Family Dynamics and Xanax Addiction

Family Dynamics and Xanax AddictionAddiction does not happen in a vacuum; addiction occurs in almost all cases within the context of a family environment. Family dynamics critically influence the personal development of every individual, for better or worse. Family dynamics can give a child the strength and resilience to face the challenges of life, but they can also present their own challenges as well. Children who grow up in families that do not provide the foundation for healthy coping skills are at an increased risk of suffering from a multitude of negative effects including substance abuse and addiction.

This is not to say, however, that anyone who becomes addicted necessarily came from a dysfunctional family or suffered from any type of abuse or neglect. Nonetheless, addiction often is rooted in underlying issues that have been impacted by family dynamics.

Children of Addicted Parents

The National Institute on Drug Abuse (NIDA) estimates that 25% of American children grow up in households in which one or both parents abuse drugs and that these children are much more likely to develop anxiety or depression and to use drugs early on in an effort to cope. The 2007 National Survey on Drug Use and Health (NSDUH) found that 8.3% American children lived with at least one parent who abuses drugs or alcohol. Children who grow up in households in which one or both parents are addicted to drugs or alcohol typically do not receive the nurturing environment that they need to become healthy, well-adjusted adults. As a result children of addicts (COA) are at greatly increased risk of becoming addicted to drugs themselves as well as of suffering from a large number of other emotional, psychological and behavioral issues.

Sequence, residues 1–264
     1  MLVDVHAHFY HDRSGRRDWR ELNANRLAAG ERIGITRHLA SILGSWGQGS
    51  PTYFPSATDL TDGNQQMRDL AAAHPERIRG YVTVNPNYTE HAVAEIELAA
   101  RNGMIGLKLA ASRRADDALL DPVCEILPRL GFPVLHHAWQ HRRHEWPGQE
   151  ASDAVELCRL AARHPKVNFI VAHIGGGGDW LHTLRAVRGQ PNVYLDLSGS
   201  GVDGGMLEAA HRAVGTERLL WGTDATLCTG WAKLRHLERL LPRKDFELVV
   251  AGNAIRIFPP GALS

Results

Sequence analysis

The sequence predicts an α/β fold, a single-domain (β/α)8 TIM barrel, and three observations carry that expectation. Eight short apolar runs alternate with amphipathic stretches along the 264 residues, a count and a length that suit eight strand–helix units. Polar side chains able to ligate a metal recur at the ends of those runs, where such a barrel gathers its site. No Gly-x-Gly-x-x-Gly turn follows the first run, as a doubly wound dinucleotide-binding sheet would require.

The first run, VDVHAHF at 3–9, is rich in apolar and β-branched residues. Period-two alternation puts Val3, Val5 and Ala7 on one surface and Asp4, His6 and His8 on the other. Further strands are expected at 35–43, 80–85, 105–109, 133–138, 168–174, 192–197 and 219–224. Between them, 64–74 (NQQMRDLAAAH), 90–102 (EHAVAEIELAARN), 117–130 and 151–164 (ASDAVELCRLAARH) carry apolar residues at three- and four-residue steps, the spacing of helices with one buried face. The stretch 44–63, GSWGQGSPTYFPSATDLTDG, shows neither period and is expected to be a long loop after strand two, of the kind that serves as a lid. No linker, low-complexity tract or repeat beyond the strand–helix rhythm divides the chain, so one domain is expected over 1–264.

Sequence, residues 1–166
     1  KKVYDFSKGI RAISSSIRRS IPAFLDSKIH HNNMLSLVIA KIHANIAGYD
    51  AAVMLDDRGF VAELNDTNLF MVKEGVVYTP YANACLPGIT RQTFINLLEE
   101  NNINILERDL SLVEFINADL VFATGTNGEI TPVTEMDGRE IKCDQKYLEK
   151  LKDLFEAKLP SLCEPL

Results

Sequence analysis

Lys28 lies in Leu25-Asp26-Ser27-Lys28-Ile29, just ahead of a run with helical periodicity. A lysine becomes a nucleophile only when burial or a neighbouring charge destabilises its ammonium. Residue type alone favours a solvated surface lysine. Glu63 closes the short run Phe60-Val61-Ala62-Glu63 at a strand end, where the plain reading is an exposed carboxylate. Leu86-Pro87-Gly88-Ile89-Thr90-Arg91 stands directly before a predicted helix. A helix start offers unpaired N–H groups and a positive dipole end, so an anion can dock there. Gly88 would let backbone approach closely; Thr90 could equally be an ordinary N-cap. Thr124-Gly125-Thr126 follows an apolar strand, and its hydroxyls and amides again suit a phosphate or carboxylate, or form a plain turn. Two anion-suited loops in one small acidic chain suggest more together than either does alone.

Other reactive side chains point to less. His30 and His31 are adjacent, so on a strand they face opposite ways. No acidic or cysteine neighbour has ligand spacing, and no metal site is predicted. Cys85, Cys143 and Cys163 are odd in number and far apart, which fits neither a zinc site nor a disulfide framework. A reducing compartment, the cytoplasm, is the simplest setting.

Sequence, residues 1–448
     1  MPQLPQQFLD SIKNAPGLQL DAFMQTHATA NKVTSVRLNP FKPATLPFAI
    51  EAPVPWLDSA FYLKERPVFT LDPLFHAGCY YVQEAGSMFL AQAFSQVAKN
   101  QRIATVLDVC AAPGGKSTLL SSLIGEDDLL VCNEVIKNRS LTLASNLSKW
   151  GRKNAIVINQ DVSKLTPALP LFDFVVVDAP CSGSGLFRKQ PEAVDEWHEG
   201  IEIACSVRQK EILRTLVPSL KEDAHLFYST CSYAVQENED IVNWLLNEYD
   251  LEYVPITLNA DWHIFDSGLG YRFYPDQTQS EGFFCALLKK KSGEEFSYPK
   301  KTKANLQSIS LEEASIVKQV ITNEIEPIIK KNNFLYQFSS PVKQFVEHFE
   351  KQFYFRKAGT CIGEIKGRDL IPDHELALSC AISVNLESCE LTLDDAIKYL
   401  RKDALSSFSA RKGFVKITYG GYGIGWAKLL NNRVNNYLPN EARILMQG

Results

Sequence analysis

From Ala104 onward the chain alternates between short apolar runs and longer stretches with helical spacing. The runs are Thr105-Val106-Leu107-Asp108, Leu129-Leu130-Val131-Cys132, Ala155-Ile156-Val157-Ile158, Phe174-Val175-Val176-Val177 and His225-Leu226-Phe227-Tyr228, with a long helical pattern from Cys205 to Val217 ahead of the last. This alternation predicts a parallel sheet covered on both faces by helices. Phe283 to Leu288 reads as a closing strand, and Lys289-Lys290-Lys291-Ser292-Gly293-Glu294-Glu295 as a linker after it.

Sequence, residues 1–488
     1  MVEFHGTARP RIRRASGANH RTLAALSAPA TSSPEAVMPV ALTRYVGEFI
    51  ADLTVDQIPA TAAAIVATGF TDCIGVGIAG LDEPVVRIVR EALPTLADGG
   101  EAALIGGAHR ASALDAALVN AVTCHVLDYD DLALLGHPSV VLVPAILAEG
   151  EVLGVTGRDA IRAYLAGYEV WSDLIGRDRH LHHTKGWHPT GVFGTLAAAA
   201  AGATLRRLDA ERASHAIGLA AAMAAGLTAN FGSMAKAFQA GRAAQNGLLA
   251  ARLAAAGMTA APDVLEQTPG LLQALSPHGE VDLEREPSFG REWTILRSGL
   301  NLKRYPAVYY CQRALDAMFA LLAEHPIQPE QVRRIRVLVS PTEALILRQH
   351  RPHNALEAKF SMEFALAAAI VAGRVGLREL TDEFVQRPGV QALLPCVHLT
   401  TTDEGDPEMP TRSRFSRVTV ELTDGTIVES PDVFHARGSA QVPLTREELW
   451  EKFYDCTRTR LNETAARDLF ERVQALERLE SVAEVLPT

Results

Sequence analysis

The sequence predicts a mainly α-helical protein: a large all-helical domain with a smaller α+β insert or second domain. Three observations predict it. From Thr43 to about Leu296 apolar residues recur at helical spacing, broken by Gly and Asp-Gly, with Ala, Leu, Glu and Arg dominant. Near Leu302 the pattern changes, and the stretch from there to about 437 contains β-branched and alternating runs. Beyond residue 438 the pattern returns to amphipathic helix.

Children Growing Up with Other Forms of Abuse or Neglect

Suffering from abuse or neglect within the family can traumatize children so that as adults they turn to drugs to ease their pain. The National Center for Biotechnology Information has published the results of a study of patients in treatment for addiction which found that 84% reported instances of abuse or neglect in childhood. It must be noted however that the criteria for abuse and neglect were very broad and ranged from the relatively benign to the truly horrific.

Suffering from abuse or neglect as a child can cause a great deal of anxiety and emotional pain. In addition to causing anxiety, unhealthy family environments can fail to give children the coping skills to deal with the anxiety so that they will naturally be drawn toward anything that will help them cope. Sedatives like Xanax are a natural drug of choice for people who are coping with unresolved emotional pain since sedatives produce feelings of relaxation and calm.

Other Ways That Family Dynamics Can Contribute to Xanax Addiction

The U.S. Department of Health and Human Services states that “a predictable, consistent environment, coupled with positive caregiver relationships, is critical for normal emotional development of children.” Even in relatively healthy families in which drug abuse, addiction, abuse and neglect are not present, family dynamics and issues within the family can contribute to Xanax abuse and addiction in a multitude of ways. For example, any amount of stress experienced by the family as a unit can seriously impact individual members. This could happen if, for instance, an older child is called upon to shoulder responsibility for younger siblings due to a parent’s work schedule. Sibling rivalries can leave one child feeling neglected and feeling like another sibling is the favorite or always gets the attention from the parents. A child witnessing the divorce of his or her parents can experience a great deal of stress that may escape attention at the time and may only manifest itself later in issues such as anxiety, stress and addiction.